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Chest. 2016 Nov;150(5):1129-1140. doi: 10.1016/j.chest.2016.03.045. Epub 2016 Apr 7.

ICU-Acquired Weakness.

Author information

1
Section of Pulmonary/Critical Care Medicine and Allergy/Immunology, Louisiana State University Health Sciences Center, New Orleans, LA.
2
Department of Rehabilitation Medicine, Harborview Medical Center, University of Washington, Seattle, WA.
3
Division of Pulmonary and Critical Care Medicine, Harborview Medical Center, University of Washington, Seattle, WA. Electronic address: cterrlee@uw.edu.

Abstract

Survivorship after critical illness is an increasingly important health-care concern as ICU use continues to increase while ICU mortality is decreasing. Survivors of critical illness experience marked disability and impairments in physical and cognitive function that persist for years after their initial ICU stay. Newfound impairment is associated with increased health-care costs and use, reductions in health-related quality of life, and prolonged unemployment. Weakness, critical illness neuropathy and/or myopathy, and muscle atrophy are common in patients who are critically ill, with up to 80% of patients admitted to the ICU developing some form of neuromuscular dysfunction. ICU-acquired weakness (ICUAW) is associated with longer durations of mechanical ventilation and hospitalization, along with greater functional impairment for survivors. Although there is increasing recognition of ICUAW as a clinical entity, significant knowledge gaps exist concerning identifying patients at high risk for its development and understanding its role in long-term outcomes after critical illness. This review addresses the epidemiologic and pathophysiologic aspects of ICUAW; highlights the diagnostic challenges associated with its diagnosis in patients who are critically ill; and proposes, to our knowledge, a novel strategy for identifying ICUAW.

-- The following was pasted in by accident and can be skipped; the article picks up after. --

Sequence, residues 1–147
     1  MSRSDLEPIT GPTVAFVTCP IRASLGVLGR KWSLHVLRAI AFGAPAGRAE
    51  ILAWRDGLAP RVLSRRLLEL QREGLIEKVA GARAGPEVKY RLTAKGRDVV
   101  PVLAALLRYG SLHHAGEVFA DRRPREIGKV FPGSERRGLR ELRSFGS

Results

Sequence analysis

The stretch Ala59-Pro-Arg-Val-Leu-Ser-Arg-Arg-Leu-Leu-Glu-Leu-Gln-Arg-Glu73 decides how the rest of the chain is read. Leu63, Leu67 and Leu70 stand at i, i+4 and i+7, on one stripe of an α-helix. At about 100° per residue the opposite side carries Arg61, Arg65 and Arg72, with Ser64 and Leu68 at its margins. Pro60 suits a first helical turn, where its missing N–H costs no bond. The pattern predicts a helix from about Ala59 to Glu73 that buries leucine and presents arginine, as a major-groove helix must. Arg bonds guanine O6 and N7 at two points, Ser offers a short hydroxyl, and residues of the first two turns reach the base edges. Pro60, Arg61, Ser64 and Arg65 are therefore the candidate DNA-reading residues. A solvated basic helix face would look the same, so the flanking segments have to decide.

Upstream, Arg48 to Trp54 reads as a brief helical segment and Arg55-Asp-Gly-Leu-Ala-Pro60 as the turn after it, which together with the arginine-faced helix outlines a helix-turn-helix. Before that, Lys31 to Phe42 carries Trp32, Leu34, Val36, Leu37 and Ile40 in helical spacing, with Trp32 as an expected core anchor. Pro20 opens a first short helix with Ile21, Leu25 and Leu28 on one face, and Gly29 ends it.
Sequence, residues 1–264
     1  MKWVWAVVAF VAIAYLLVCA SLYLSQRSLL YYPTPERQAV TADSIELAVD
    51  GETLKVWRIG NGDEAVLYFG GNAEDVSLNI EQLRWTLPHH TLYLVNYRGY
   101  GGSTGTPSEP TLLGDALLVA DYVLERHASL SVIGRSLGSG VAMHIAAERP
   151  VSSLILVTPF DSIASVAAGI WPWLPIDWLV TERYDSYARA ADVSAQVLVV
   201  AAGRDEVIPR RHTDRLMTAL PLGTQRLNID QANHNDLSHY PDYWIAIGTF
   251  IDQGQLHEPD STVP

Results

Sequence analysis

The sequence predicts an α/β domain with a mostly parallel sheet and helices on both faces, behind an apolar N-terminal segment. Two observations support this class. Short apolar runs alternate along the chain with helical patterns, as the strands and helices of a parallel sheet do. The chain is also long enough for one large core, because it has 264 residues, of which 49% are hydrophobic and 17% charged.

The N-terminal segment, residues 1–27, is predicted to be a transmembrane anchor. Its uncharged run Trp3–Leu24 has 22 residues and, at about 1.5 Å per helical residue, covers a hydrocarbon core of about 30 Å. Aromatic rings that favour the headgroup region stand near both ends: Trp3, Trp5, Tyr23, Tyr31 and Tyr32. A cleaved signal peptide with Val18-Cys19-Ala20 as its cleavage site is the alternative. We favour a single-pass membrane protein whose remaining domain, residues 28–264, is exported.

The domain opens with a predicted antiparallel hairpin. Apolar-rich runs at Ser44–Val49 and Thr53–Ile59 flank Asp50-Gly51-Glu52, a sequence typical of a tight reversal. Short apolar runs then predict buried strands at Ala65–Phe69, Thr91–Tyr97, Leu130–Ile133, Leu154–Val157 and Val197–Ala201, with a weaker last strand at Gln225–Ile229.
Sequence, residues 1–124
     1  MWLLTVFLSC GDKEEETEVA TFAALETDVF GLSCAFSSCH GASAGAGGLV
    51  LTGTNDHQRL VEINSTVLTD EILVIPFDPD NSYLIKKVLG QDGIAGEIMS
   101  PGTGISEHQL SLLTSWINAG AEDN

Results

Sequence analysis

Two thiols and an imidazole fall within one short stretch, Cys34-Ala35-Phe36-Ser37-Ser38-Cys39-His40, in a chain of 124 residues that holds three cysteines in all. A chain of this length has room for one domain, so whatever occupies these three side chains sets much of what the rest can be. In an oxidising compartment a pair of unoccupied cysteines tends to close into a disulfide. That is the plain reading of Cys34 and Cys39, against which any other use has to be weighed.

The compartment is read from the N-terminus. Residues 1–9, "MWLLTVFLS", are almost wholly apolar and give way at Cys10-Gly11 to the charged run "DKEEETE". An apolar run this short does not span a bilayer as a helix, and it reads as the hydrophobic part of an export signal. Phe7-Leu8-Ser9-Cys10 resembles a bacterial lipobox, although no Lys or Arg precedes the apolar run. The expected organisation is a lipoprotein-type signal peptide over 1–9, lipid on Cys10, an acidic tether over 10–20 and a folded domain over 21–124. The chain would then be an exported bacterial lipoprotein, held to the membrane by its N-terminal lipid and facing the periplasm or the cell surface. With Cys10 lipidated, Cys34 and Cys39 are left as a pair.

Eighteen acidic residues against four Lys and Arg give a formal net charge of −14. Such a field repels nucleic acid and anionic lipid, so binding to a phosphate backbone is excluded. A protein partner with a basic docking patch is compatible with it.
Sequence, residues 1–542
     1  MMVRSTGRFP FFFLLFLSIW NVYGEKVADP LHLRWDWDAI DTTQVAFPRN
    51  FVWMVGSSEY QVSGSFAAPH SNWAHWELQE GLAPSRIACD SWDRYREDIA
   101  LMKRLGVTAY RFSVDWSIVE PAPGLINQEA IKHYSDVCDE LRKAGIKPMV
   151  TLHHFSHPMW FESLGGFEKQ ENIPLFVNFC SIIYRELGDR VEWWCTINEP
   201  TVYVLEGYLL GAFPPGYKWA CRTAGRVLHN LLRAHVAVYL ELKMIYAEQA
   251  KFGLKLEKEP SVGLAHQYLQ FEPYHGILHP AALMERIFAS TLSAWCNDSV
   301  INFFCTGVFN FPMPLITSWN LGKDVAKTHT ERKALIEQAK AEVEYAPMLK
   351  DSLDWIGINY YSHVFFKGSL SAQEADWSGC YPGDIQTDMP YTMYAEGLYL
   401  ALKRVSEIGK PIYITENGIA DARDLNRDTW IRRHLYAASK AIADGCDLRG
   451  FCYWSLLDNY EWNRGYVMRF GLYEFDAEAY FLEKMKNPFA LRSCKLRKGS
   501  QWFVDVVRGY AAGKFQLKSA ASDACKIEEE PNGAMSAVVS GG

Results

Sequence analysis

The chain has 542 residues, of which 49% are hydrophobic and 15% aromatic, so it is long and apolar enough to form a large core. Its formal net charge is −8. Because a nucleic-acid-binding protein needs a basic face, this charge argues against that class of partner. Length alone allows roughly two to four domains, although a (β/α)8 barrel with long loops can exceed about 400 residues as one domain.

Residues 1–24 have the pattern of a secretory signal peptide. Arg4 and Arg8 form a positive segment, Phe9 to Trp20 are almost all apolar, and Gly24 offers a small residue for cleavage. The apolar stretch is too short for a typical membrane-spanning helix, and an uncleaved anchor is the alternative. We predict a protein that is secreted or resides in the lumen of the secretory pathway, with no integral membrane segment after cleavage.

KEYWORDS:

ICU neuromuscular dysfunction; ICU rehabilitation; ICU-acquired weakness; critical illness myopathy; critical illness polyneuropathy

PMID:
27063347
PMCID:
PMC5103015
DOI:
10.1016/j.chest.2016.03.045
[Indexed for MEDLINE]
Free PMC Article

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